Is real estate a good, safe investment? Is it worth it?

is real estate a good investment

Is real estate a good investment?  With all the tv shows and clamor around flipping houses, owning rental property, and choosing real estate as a long-term or even short-term investment vehicle, many are wondering if investing in real estate is really a good move or if it’s just another late night infomercial pipe dream.  

Is it actually possible for the average person to flip a piece of property for large profits or amass a large real estate portfolio that generates passive income?

The simple fact is there’s nothing magical about real estate investing.  If you strip away “real estate”, it’s just investing. With real estate, just like any other form of investing, you can either make money or lose money.  

Now, whether or not real estate investing is good or safe is really a matter of personal opinion.  The best I can do to answer that question is share with you a bit of my personal experience, throw out a few nuggets of wisdom, and let you make your own decision.

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5 things I’ve learned about real estate investing

I started investing in real estate nearly four years ago.  I’ve bought and rehabbed close to 40 properties dealing with banks, tenants, contractors, appraisers and a host of other people along the way in my journey.  I’ve learned a lot, and I’m happy to share what I’ve learned with you. That’s what this entire blog is about. Here are 5 key things I’ve picked up.

#1 Real estate investing is hard

Let’s start with a healthy dose of reality.  Being a real estate investor is hard. That’s probably not what you were hoping to hear, but that’s the truth.  Now, that’s not to say it isn’t worth it, but it is hard. This is especially true when you’re first starting out.  There’s a lot to know, and you’ll make rookie mistakes. You’re dealing with a lot of people, and there are a lot of moving parts.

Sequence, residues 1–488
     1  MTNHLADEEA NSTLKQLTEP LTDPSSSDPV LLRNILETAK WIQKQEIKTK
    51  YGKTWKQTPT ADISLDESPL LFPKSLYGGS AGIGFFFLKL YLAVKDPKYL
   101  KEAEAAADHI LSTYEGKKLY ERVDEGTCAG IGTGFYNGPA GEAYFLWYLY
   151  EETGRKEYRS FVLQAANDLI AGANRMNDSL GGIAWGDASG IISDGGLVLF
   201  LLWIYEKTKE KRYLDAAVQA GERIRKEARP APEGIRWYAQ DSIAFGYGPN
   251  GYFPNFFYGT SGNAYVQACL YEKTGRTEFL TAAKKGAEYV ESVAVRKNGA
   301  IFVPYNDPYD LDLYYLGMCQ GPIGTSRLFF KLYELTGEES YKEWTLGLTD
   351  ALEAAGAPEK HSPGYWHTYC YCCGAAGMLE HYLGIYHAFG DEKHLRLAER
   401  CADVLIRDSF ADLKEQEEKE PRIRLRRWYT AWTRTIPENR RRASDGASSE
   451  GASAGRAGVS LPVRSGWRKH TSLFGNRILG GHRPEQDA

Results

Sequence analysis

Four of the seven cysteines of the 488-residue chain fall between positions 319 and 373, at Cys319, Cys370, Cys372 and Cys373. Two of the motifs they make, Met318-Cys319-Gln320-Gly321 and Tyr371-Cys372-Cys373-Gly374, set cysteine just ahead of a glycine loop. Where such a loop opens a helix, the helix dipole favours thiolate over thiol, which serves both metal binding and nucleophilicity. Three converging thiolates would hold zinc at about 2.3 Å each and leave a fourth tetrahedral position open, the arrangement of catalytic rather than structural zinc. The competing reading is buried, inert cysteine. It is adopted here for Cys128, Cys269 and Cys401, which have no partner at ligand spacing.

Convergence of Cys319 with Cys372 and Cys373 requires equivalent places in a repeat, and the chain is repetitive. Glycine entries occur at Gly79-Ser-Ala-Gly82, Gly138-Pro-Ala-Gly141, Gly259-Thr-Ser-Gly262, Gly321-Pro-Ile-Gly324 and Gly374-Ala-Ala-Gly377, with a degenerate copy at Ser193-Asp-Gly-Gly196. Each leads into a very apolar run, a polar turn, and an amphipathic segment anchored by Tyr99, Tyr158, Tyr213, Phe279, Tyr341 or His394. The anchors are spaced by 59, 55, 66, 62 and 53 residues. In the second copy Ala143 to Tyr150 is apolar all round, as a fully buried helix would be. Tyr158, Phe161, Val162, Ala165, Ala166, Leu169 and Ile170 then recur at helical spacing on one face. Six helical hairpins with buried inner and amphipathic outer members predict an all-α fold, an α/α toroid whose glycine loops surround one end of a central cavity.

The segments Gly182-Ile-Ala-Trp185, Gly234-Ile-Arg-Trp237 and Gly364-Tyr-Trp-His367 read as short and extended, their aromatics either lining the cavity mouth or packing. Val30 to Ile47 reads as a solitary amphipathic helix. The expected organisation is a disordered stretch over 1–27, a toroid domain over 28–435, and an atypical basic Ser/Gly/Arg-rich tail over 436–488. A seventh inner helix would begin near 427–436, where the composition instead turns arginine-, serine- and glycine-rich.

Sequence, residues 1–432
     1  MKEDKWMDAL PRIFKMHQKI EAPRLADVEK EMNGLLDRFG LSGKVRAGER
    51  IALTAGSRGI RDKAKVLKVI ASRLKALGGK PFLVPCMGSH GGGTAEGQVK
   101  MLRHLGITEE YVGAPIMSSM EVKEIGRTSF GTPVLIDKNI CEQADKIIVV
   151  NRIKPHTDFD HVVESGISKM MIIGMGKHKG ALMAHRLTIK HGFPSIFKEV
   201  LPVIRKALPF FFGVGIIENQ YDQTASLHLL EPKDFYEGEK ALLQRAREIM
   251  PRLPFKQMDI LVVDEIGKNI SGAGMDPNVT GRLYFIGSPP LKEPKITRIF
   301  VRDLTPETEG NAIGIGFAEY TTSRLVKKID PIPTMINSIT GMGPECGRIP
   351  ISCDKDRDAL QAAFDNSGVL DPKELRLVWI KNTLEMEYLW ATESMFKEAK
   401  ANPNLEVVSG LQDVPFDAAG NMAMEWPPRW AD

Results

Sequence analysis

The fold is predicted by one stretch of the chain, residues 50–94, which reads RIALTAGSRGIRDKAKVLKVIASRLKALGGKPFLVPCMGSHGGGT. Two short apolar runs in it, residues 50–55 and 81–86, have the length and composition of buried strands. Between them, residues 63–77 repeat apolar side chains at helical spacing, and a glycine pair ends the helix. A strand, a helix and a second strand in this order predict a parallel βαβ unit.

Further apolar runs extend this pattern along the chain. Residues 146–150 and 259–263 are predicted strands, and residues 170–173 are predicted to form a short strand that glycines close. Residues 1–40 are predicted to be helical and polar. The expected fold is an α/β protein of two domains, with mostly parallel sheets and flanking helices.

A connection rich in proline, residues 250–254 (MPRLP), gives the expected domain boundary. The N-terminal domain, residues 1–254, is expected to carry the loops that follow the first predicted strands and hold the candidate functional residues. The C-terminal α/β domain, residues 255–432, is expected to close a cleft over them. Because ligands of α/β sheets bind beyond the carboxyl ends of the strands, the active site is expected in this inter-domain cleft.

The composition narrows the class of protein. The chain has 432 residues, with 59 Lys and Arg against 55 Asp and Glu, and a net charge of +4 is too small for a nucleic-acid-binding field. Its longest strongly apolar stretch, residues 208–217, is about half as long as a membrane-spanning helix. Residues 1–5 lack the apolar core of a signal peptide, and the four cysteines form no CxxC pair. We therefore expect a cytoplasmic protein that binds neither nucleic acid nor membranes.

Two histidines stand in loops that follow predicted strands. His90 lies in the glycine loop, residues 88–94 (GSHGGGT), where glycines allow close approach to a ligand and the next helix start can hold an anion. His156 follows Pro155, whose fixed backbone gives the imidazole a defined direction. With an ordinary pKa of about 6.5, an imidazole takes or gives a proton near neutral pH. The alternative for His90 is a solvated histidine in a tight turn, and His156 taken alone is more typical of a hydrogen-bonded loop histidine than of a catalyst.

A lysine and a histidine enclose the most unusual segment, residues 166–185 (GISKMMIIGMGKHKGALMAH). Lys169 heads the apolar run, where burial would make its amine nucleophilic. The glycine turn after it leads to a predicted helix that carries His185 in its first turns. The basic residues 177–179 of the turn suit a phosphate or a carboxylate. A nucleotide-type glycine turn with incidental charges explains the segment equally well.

#2 The mistakes are costly

Finding out after-the-fact, that your cute little 3 bedroom rental house needs $20,000 in foundation repairs is a big “whoopsie.”  With property investing there will always be “unknowns” which is probably the single greatest risk tied to being a real estate investor.  

Even the most experienced real estate investors are entering a bit of unchartered territory every time they purchase property.  

The best you can do to mitigate unwanted surprises is to educate yourself as much as possible.  Surround yourself with mentors who have been in the real estate investing game a while. If you don’t know any real estate investors, join a real estate investing club, and start meeting some.

#3 Cash is your greatest leverage

While it is true you can acquire real estate with no money, having cash to purchase and rehab your properties will give you maximum negotiating power.  Furthermore, you’ll find it’s a lot easier to get investment loans from banks after you’ve purchased or rehabbed properties with your own cash.

#4 Don’t quit your day job

Prior to investing in real estate, I had this very naive stereotype about real estate investors.  I imagined they were, for the most part, rich people driving around in fancy sports cars cashing rent checks.  

To my amazement, most of the real estate investors I’ve gotten to know, including people with sizable real estate portfolios, are just every day folks with regular jobs!  I know guys, who are serious real estate investors, who, by day, are law enforcement officers, school teachers, plumbers, you name it.

For their own reasons they decided to pursue real estate investing, but the point is, it’s not something they typically do full-time, and they are not people who started out rich!  This just goes to show you that real investing can be for anyone.